Drying Logs for Cabin Construction

Advice on drying logs for cabin building, including how long to expect air drying to take and how hot to heat logs to set the pitch. October 19, 2014

I have some 6"x8" southern yellow pine for building a log cabin. The moisture is down to around 14 MC in the center after air drying over several months. Will pine sap bleeding out be a problem if I choose not to kiln dry the logs? Does the pitch need to be set before building the cabin?

Forum Responses
(Sawing and Drying Forum)
From contributor X:
Are you sure about that MC? It seems awful quick even for pine. As to the pitch, it'll definitely leak but it's not possible to say for how long or how often. Theoretically, if you luck out and get a real hot summer this year, the pitch will be set to that temperature and won't run again unless you get a hotter one, but I know from experience it doesn't always work that way. There's a loblolly pine log home in a neighboring town that one of my friends used to own, that was built 25 years ago, He had running pitch one summer in the early 2000's and whichever summer it was, it was a fairly mild one that year. That probably doesn't help much, but my answer would be yes unless you kiln the logs you're going to have pitch issues to some degree on an ongoing basis. I'm not a log home expert though so take it for what it's worth.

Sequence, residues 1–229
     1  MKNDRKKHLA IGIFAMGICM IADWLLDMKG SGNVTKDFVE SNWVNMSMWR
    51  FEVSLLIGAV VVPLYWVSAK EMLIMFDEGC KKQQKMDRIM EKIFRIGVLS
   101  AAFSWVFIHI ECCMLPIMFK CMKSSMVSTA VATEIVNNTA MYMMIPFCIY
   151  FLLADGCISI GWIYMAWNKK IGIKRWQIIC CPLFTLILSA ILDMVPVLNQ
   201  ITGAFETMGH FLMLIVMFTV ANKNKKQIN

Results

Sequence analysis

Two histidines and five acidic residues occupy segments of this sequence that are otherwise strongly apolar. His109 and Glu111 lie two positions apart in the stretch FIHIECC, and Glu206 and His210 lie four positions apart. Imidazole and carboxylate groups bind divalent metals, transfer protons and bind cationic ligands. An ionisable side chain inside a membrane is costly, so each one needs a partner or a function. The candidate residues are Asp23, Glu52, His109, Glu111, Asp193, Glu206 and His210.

From Gene Wengert, forum technical advisor:
I agree with Contributor X. The MC is way too low for such a large timber that has been only air dried and air dried for a short time. If you do not mind sap dripping from the ceiling or dripping from the walls, then you do not have to heat the logs. I prefer heating to 150 F rather than the somewhat cooler temperatures that you would see on a hot summer day.